How Philadelphia Says It Got Ripped Off by Bank Bond ‘Robots’
(Bloomberg) -- When numbers are big, little things can add up. That’s why Philadelphia says that price-fixing by seven Wall Street banks has cost states and municipalities billions of dollars -- and why the city says it was unaware of the scam until whistle-blower Johan Rosenberg came forward. Philadelphia’s charges are echoed in suits filed by the whistle-blower on behalf of California, Illinois, Massachusetts and New York. The banks are contesting the whistle-blower’s charges. The suits, over what are known as variable-rate demand obligations, or VRDOs, represent the biggest legal challenge to the generally staid municipal bond market in over a decade.
1. What are VRDOs?
Long-term bonds issued by states and municipalities whose interest rate resets on a monthly, weekly or sometimes even daily basis.
2. What’s their appeal?
For borrowers like Philadelphia, VRDOs combine long-term maturities of as much as 30 years with short-term interest rates, which are generally lower. For the investors who buy them, VRDOs have a selling point that sets them aside from other kinds of municipal bonds: they come with a “put,’’ that is, a promise by the issuers who sell them that they’ll buy them back if an investor wants out. That limits their risk if, for instance, yields fall when a VRDO rate is rest.
3. Then who bears the risk?
Ultimately, the issuers. VRDOs carry bank liquidity facilities, such as letters of credit or a standby purchase agreement, although remarketing agents usually take bonds that are put back into inventory for resale. VRDOs that are put back to the issuer are presented to the bank providing the liquidity, and become so-called bank bonds, their payment accelerated so that those bonds maturing in 30 years become due in four or five years, with the municipality making quarterly payments.
4. What do the lawsuits say?
That to avoid having investors put the bonds back, the banks set their interest rates a little bit higher than market conditions would have otherwise justified. And that to avoid having borrowers switch to a bank offering a lower rate, they conspired to keep rates in line with each other. According to one of the suits filed by the whistle-blower, the banks “engaged in a coordinated ‘Robo-Resetting’ scheme where they mechanically set the rates en masse without any consideration of the individual characteristics of the bonds, the associated market conditions or investor demand.”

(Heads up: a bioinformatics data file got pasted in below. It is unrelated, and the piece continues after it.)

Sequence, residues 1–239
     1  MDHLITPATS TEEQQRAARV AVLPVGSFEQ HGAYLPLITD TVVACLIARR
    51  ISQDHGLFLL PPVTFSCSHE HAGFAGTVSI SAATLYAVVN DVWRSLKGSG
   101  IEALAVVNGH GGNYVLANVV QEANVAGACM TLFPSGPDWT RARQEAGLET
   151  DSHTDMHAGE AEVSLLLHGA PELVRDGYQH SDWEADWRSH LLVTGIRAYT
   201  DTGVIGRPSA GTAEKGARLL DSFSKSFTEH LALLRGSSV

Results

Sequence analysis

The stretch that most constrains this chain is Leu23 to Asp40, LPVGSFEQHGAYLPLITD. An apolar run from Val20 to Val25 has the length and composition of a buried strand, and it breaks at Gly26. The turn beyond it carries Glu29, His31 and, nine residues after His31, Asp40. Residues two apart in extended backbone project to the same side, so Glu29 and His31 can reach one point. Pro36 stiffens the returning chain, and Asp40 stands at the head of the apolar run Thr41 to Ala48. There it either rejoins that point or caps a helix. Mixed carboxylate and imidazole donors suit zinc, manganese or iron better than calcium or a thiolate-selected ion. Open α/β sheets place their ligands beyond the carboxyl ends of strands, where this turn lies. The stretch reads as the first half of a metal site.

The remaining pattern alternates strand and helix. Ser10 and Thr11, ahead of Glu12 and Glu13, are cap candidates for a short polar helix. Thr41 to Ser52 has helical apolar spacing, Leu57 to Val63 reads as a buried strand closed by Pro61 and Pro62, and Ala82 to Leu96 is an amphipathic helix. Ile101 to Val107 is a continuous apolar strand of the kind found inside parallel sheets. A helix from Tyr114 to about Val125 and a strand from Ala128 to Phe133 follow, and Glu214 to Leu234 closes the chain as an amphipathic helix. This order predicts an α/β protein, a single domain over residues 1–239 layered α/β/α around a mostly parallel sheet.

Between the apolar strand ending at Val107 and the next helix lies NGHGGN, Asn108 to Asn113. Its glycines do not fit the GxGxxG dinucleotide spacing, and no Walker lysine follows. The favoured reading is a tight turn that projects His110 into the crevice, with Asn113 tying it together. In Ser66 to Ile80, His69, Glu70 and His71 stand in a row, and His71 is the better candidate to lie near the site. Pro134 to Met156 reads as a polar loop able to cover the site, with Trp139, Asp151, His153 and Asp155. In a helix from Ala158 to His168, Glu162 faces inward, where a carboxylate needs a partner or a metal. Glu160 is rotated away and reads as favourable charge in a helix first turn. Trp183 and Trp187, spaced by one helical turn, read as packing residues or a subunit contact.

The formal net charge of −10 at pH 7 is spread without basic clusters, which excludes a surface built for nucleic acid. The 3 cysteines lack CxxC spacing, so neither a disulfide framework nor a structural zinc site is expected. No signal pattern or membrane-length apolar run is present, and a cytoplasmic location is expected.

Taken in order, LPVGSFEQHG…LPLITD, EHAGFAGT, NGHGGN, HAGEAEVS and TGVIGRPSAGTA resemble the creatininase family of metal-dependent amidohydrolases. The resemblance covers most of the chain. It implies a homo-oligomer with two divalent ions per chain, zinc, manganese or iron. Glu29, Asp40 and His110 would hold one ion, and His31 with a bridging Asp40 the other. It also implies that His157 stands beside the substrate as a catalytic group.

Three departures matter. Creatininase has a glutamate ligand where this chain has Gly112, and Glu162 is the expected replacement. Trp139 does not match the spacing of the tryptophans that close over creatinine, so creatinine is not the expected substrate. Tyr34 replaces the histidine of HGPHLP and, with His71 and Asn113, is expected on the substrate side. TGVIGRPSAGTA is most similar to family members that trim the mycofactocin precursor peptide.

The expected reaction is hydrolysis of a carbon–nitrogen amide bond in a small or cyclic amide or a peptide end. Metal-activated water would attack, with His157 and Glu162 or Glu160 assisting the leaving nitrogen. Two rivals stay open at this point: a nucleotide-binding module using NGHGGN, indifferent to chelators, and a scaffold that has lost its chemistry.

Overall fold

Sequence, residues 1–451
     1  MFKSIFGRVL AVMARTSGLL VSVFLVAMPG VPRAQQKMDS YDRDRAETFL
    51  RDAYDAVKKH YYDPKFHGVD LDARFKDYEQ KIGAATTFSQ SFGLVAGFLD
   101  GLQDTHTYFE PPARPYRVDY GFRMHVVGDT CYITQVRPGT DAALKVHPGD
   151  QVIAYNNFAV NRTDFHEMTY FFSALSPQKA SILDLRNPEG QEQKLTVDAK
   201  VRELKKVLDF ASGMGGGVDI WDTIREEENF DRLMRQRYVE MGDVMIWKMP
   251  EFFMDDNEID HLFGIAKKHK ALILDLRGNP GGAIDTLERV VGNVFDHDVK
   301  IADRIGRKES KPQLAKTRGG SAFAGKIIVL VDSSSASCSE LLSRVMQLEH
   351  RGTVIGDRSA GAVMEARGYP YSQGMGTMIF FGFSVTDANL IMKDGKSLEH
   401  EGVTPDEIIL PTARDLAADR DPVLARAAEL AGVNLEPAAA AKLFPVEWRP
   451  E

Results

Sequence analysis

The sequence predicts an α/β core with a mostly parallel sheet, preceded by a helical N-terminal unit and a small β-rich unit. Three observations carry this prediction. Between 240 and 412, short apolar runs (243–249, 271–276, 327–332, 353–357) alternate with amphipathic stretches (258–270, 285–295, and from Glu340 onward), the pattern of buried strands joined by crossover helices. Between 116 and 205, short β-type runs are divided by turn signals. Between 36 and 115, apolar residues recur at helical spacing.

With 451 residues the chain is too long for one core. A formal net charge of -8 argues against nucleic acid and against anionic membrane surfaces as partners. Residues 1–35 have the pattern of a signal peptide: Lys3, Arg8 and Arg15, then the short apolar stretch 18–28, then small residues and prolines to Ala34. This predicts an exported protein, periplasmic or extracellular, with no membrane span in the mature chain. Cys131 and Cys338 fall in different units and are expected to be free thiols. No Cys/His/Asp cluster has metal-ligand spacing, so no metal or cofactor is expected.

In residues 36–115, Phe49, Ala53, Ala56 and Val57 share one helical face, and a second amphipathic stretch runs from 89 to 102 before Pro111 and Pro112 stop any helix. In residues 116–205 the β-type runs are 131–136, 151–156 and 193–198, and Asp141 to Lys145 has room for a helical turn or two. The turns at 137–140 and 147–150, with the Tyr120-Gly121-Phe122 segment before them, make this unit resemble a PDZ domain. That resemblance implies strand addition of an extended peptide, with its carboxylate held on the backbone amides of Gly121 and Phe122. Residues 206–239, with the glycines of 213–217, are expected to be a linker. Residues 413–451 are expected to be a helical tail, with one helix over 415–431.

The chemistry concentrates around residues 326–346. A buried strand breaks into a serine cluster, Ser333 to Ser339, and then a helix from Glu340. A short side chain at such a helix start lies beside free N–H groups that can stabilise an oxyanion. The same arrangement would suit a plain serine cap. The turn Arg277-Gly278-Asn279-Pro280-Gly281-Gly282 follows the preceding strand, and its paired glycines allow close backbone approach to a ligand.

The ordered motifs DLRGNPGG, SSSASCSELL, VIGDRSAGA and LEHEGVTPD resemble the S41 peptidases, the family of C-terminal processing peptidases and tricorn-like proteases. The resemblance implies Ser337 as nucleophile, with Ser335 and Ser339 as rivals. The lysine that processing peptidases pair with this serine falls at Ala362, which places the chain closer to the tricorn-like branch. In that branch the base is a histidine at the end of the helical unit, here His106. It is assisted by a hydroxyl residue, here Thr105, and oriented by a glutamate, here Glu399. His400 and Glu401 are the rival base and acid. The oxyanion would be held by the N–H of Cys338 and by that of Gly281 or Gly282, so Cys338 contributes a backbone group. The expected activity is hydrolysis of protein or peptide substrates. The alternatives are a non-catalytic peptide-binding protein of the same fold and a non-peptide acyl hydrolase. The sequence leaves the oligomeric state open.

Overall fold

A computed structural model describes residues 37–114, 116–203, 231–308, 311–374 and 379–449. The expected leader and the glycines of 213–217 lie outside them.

5. How does the whistle-blower know about this?
According to the suits, Rosenberg became suspicious that the remarketing agents were “working in coordinated fashion” and resetting VRDO interest rates “on an algorithmic or some other mechanical basis.” He confirmed these suspicions by performing a forensic analysis of interest rates and other market data.
6. Is there other evidence to back up these claims?
Philadelphia’s lawsuit says there is. It says that emails and other communications exist showing bank officials sharing information about VRDO rate-setting. And it cites an analysis of the VRDO market by Rosenberg showing banks may have set interest rates higher than was warranted.
7. How much would that add up to?
The total size of the outstanding VRDO market has been estimated at $150 billion. An additional 25 basis points on that much debt could have cost borrowers billions of dollars, although the Philadelphia lawsuit doesn’t specify how much and merely asks that the amount be determined at trial. The series of whistle-blower qui tam suits seeks at least $3.6 billion in damages.
8. What do the banks say?
Philadelphia is suing seven banks who acted as remarketing agents for $1.6 billion in VRDOs. They are JPMorgan Chase & Co., Bank of America Corp., Citigroup Inc., Goldman Sachs Group Inc., Wells Fargo & Co., RBC Capital Markets LLC and Barclays Plc. Philadelphia is also seeking class status for other states and municipalities that sold VRDOs. So far, the banks have declined to comment on the Philadelphia suit and have asked that the qui tam whistleblower lawsuits be dismissed, although in Illinois, a judge decided that the matter must proceed to trial. The other lawsuits are making their way through the system.
9. What else might happen?
The Philadelphia lawsuit says that both the Securities and Exchange Commission and the Department of Justice are conducting investigations into the whistle-blower’s allegations.
The Reference Shelf
- The Encyclopedia of Municipal Bonds, by Joe Mysak (Bloomberg Press/Wiley) 2012.
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